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I have a QTreeView in which I have implemented drag and drop to allow the re-ordering of items.

GIven the following example of a tree:

Food                        <--fixed
|--Vegetables               <--fixed
|  |--carrots            <-- draggable/parentable
|  |--lettuce            <-- draggable/parentable
|  |  |--icebergLettuce  <-- draggable but NOT parentable
|--Fruit                    <-- fixed
|  |--apple              <-- draggable/parentable
|  |--orange             <-- draggable/parentable
|  |--bloodOrange        <-- draggable/parentable
etc...

Anything marked as draggable may be dragged. Anything marked as parentable may have a draggable item as a child. Anything marked fixed is, well, fixed.

My question is, how would I go about limiting the dropping of an item to stay within a particular parent? For example, I could drag 'bloodOrange' and make it a child of 'apple' or 'orange' (or even just change its ordinal position inside of 'Fruit'), but I should not be able to make it a child of carrots or lettuce etc.

I've managed to correctly code the flags for everything except the part that limits a drop operation to stay within a particular parent. I just don't know how to capture the currently dragged QModelIndex (from which I can determine parent, grandparent, etc.)

Thanks!

Here is my code for the flags method in case it helps: Note: I refer to the top level children as Nodes (i.e. 'Food'), the next level as Groups (i.e. 'Fruit'), and the final two levels (i.e. lettuce and icebergLettuce) are both Params.

#---------------------------------------------------------------------------
def flags(self, index):
    """
    Returns whether or not the current item is editable/selectable/etc. 
    """

    if not index.isValid():
        return QtCore.Qt.ItemIsEnabled

    #by default, you can't do anything
    enabled = QtCore.Qt.NoItemFlags
    selectable = QtCore.Qt.NoItemFlags
    editable = QtCore.Qt.NoItemFlags
    draggable = QtCore.Qt.NoItemFlags
    droppable = QtCore.Qt.NoItemFlags

    #get a pointer to the referenced object
    item = index.internalPointer()

    #only 'valid' cells may be manipulated ('valid' is defined by the obj)
    if item.column_is_valid(index.column()):

        #all valid cells are selectable and enabled
        selectable = QtCore.Qt.ItemIsSelectable
        enabled = QtCore.Qt.ItemIsEnabled

        #column 0 cells may occasionally be dragged and dropped
        if index.column() == 0:

            #drag/drop is only possible if it is a param...
            if item.get_obj_type() == 'param':

                #...and then only child-less params may be dragged...
                if item.get_child_count() == 0:
                    draggable = QtCore.Qt.ItemIsDragEnabled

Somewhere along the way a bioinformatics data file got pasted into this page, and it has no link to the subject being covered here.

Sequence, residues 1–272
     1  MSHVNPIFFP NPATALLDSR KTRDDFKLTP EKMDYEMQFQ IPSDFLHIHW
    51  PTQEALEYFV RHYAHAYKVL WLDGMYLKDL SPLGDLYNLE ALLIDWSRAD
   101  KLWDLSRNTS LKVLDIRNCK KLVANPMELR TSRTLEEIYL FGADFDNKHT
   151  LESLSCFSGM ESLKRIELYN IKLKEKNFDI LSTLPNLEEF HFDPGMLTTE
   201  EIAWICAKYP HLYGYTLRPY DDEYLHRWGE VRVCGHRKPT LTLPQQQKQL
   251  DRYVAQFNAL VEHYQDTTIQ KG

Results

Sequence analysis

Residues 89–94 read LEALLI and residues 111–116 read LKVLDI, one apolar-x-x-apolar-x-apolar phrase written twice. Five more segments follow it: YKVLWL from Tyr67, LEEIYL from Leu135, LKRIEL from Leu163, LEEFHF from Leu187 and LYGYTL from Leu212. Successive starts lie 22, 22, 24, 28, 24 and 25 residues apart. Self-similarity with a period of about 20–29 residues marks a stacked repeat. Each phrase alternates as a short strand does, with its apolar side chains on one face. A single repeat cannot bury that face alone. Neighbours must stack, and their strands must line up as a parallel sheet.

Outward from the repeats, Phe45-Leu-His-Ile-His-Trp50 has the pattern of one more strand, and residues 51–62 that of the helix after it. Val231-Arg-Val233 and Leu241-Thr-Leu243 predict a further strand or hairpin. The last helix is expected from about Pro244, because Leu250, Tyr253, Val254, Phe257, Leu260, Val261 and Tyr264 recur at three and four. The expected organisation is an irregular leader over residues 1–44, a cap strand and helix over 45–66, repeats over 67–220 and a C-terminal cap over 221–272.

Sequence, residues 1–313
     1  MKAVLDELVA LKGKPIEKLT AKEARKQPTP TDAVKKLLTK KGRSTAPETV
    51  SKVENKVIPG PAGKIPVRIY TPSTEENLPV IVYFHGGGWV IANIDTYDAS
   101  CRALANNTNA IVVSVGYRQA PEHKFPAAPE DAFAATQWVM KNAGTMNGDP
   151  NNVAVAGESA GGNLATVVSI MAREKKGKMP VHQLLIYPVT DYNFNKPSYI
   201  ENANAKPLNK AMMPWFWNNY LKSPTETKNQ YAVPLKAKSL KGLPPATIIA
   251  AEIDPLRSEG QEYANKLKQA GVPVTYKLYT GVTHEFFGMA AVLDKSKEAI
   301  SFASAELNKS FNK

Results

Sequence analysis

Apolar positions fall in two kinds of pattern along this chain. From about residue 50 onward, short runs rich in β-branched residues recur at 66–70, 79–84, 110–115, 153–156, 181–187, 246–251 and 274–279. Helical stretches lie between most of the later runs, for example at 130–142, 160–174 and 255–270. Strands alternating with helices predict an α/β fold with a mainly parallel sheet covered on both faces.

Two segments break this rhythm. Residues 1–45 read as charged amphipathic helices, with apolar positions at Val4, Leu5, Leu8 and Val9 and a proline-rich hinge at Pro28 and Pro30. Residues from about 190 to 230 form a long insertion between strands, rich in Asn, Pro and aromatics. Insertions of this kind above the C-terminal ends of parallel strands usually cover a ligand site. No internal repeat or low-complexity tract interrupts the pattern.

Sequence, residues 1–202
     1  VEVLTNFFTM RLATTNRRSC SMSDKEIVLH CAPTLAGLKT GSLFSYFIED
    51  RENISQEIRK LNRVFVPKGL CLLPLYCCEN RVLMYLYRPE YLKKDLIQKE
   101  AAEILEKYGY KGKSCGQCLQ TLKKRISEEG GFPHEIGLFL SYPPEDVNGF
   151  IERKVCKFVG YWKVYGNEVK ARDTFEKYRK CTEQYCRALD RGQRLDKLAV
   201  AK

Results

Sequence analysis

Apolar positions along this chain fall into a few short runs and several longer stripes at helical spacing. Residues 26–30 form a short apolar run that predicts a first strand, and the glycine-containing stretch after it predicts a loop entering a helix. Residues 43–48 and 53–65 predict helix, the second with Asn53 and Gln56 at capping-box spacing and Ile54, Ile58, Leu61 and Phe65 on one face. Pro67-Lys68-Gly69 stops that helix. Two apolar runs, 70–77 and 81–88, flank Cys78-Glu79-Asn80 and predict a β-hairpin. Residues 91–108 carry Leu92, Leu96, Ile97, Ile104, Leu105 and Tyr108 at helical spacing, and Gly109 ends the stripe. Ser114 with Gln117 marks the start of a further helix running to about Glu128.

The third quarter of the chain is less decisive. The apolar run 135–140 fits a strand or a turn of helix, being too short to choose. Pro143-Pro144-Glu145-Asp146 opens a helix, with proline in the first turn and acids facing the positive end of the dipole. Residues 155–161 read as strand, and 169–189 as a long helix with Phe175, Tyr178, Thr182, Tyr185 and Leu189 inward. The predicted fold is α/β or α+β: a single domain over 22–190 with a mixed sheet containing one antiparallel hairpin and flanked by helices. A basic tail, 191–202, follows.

#...and only params with a group as parent may be dropped on
                if item.get_parent().get_obj_type() == "group":
                    droppable = QtCore.Qt.ItemIsDropEnabled

        #all other valid columns > 0 may be edited (no drag or drop)
        else:                
            editable = QtCore.Qt.ItemIsEditable

    #return our flags.
    return enabled | selectable| editable| draggable| droppable 
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1 Answer 1

If you want the drag to display the "not allowed" icon when hovering over certain rows, I believe you can't do it from the model. You'd have to intercept the dragEnter/Move events on the View wiedget.

However, dropMimeData() can return False to indicate that the drop is rejected.

Note that (in my Qt version) there is a bug in qdnd_win regarding drops that are rejected by the model. Here is my workaround based on some source diving; this is a method defined on my QTreeView subclass:

def dropEvent(self, evt):
    QTreeView.dropEvent(self, evt)
    if not evt.isAccepted():
        # qdnd_win.cpp has weird behavior -- even if the event isn't accepted
        # by target widget, it sets accept() to true, which causes the executed
        # action to be reported as "move", which causes the view to remove the
        # source rows even though the target widget didn't like the drop.
        # Maybe it's better for the model to check drop-okay-ness during the
        # drag rather than only on drop; but the check involves not-insignificant work.
        evt.setDropAction(Qt.IgnoreAction)

(note that by "not-insignificant work" I really mean "I don't want to bother intercepting the events" :-)

share|improve this answer
    
This was very helpful thanks, I was experiencing this exact issue. –  trevman Mar 12 '14 at 16:23

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